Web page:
About 4 years ago, I started getting headaches. Searing, brutal headaches that actually made banging my head in to a wall feel soothing and healing (I tried it, several times). I had scans of my brain, I tried numerous migraine medications, and I blamed everything from green tea to dairy. The headaches were unrelenting, and often would last for days. Finally I asked my dentist what he thought about it. He sent me to a TMJ (temporomandibular joint) disorder specialist who told me to stop chewing my food and to hold a popsicle stick in between my front teeth for two 15 minute periods a day.
I sought out another opinion. I was told to try yoga and not stress so much.
So I finally went to the guy who knows jaw drama better than anyone, the reconstructive surgeon for the Philadelphia Flyers. He sent me to get another scan, this time not of my brain but of my facial bones. He discovered that the clenching and grinding I was doing in my sleep had actually caused the cartilage to slip from out between my jaw joint and my skull. Because there was no protection or cushion anymore, each night was effectively a lot of repetitive bone-on-bone grinding (God, that sounds so much dirtier than I intended).
So it was surgery time! I spent two weeks blissfully drugged while Tai brought me smoothies and frappuccinos. I did weeks of physical therapy with a specialist who looked like Sean Penn and loved to talk about Bruce Springsteen. I started wearing an industrial strength nightguard to sleep. And I was healed!
Only I wasn’t.
The headaches were certainly less frequent, but they were still happening. And now I had a chronic, dull ache in my jaw that no amount of Akaishi facial massage could address. I made an appointment with a fancy “integrative dentist” about 45 minutes away. But before I actually got a chance to see her, my friend Jessica (you know her as my makeover buddy) started talking about chiropractors. She’s had Atlas-level back issues, and while she was skeptical of chiropractic for herself, she got me thinking. The spine…namely the cervical spine…connected to the skull…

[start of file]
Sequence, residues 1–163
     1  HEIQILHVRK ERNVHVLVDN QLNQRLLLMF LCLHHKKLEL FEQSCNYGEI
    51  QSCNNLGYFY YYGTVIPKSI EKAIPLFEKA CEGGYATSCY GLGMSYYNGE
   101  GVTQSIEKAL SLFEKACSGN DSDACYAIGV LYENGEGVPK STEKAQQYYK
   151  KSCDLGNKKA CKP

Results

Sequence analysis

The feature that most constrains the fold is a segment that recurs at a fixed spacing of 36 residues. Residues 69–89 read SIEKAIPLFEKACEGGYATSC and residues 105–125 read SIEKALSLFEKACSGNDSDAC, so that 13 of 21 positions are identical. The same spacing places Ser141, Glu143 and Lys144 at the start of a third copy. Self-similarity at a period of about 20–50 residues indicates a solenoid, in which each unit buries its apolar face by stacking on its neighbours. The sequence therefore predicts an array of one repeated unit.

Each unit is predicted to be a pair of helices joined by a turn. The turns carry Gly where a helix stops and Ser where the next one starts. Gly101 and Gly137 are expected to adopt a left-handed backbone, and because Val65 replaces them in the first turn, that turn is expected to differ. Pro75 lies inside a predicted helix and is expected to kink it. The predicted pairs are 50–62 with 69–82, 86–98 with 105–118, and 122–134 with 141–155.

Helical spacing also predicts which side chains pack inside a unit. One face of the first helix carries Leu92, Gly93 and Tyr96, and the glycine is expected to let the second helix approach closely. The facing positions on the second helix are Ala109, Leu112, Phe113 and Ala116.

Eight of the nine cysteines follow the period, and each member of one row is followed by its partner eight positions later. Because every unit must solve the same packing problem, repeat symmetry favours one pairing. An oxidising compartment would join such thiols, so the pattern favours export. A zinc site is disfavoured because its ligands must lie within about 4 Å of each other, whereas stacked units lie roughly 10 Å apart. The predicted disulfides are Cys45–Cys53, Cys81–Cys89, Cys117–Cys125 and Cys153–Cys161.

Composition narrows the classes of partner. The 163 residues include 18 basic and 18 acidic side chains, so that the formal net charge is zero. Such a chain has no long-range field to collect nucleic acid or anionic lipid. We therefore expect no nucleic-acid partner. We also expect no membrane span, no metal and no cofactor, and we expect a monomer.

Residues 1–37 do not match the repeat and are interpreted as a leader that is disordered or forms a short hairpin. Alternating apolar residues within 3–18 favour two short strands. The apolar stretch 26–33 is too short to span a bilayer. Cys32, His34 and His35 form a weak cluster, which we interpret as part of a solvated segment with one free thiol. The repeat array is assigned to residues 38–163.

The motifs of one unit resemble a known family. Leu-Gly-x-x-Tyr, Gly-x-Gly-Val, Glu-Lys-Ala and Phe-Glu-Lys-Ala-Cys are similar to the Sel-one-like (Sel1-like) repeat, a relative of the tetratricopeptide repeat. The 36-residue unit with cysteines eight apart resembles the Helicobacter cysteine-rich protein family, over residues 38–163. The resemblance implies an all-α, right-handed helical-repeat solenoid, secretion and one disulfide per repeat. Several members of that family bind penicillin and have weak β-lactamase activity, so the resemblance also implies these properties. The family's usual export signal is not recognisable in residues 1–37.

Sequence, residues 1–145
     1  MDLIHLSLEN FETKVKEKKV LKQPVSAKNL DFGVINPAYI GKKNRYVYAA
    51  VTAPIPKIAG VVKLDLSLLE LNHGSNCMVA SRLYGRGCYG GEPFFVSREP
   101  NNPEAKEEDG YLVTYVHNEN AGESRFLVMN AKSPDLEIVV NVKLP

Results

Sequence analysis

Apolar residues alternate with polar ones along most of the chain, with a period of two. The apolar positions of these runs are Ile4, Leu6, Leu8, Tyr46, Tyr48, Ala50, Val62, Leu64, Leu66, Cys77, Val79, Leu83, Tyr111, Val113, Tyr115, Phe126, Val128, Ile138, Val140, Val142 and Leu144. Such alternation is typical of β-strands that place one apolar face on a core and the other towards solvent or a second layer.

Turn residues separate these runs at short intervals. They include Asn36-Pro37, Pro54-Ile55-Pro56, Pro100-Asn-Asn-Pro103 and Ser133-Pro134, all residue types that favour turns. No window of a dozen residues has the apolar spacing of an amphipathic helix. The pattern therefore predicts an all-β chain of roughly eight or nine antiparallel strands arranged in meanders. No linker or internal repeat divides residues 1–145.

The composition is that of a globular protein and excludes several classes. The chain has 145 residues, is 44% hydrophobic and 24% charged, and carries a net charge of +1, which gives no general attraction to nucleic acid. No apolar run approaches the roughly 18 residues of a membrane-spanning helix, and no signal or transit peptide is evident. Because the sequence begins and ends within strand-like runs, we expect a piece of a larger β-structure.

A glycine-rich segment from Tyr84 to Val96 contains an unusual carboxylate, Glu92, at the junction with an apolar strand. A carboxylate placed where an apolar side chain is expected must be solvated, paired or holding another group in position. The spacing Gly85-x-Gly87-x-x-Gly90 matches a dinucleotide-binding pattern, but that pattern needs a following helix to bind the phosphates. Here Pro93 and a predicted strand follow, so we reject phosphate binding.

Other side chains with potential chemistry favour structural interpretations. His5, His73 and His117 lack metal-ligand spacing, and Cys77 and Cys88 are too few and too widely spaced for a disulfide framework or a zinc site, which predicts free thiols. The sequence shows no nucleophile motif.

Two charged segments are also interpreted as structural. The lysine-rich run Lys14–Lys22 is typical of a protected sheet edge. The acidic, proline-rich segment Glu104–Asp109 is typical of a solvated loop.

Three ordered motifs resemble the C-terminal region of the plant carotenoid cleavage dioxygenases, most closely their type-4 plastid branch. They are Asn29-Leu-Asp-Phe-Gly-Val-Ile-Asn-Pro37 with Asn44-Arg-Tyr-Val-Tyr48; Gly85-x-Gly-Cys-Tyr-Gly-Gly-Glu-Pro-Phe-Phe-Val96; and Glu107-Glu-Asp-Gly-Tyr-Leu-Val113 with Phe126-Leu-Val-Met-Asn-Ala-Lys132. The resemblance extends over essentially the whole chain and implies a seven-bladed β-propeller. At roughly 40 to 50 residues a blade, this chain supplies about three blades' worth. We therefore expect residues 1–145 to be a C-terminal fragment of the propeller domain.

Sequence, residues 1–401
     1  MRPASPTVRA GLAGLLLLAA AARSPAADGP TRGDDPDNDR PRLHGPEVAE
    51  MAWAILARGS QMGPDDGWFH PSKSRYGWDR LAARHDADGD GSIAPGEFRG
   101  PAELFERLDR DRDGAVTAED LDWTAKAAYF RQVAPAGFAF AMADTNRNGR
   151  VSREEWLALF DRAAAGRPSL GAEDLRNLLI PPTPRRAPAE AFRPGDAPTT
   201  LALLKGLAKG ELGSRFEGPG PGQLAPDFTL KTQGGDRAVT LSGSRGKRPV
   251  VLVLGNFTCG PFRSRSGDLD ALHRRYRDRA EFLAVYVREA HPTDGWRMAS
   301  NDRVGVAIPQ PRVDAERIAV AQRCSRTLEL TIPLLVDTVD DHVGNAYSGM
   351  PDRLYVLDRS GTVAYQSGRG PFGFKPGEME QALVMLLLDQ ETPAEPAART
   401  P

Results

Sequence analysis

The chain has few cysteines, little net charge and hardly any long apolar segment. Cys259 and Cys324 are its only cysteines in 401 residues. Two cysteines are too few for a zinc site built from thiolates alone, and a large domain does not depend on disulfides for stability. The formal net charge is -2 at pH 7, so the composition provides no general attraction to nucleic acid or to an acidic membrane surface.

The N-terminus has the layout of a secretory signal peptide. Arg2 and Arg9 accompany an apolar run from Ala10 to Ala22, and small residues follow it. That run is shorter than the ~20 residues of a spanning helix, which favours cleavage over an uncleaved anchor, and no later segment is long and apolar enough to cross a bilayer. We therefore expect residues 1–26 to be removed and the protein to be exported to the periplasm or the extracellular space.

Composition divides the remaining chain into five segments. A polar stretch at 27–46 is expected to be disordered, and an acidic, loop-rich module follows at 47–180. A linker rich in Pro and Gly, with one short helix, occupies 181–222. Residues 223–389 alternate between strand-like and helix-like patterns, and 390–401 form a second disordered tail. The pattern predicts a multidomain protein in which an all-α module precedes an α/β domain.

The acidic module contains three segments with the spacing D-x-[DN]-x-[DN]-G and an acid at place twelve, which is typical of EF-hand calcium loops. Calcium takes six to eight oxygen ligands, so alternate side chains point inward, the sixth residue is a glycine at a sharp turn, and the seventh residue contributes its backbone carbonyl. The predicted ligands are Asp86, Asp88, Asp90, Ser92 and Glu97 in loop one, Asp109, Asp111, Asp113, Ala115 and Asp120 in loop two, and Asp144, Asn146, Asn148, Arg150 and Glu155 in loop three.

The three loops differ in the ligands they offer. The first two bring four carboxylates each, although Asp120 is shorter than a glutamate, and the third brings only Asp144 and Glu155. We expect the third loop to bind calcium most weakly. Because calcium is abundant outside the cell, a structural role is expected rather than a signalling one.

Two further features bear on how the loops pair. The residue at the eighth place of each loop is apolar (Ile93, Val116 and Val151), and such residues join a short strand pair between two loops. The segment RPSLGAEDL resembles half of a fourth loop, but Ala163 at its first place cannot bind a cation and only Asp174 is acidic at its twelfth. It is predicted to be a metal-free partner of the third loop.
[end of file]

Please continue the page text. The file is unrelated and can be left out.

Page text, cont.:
People say that chiropractic is mere quackery, and that chiropractors get you addicted to adjustments so that they can go on and buy yachts and Ferraris, but a.) I love quackery and b.) I’d gladly just outright buy my chiropractor a yacht thanks to the relief he’s given me.
The way an adjustment generally works is as follows: the chiropractor surveys the alignment of your spine, as well as the way you stand, walk, move your head from side to side, etc. Over time, the theory goes, the vertebrae in your spine can shift ever subtly, and the disks between the vertebrate can swell, creating what’s known as a subluxation. This then causes a domino effect, where gradually the wayward vertebrate may irritate surrounding nerves, soft tissues, and muscles. If you are used to walking or sleeping a certain way, it can almost lock the subluxation into place, eventually causing crazy amounts of pain. For me, the subluxations were mostly, as suspected, in my cervical spine, the area at the very top of the spine that runs along the neck and into the skull. My clenching and grinding was in fact causing me to sleep with my head in a very wonky, contorted position month after month and year after year, doing awful things to my poor vertebrae. So while the cartilage issue was valid, it was still only half the story.
I couldn’t stop laughing during my first adjustment. I’m a ticklish person, and it was just plain weird. At one point, my chiropractor lifted my head (I was lying on my back), told me to relax, and twisted my neck swiftly to one side. I heard the vertebrate snapping, crackling, and popping, and was sure I’d be paralyzed from the neck down. Yet I was still hysterically, almost drunkenly, laughing. Then he did the other side, before having me flip onto my belly to work on the smaller inconsistencies in my middle and lower spines. The sounds were equally terrifying, but oh, so satisfying. I was so out of whack that first day that he also brought out what’s known as an activator tool, something that feels like an air gun or a staple gun being shot all over the back. In a good way.
Now, I still leave every session feeling as if my head is a light and airy balloon, no longer a bowling ball. I feel grounded and balanced. And while I can’t say my TMJ headaches are completely gone, they now happen every few months instead of several times a week. I’m sleeping so much better. And I’m aware of my posture in a totally new way.
Now that I’m pregnant, however, adjustments have taken on a whole new significance. I can still lay prone, thanks to a table that opens up and lets my belly fall through. Now it’s more about refocusing my center of gravity and relieving some of the pressure the twins are causing all around my whole pelvic girdle and lower back.
And it’s as delightful as ever.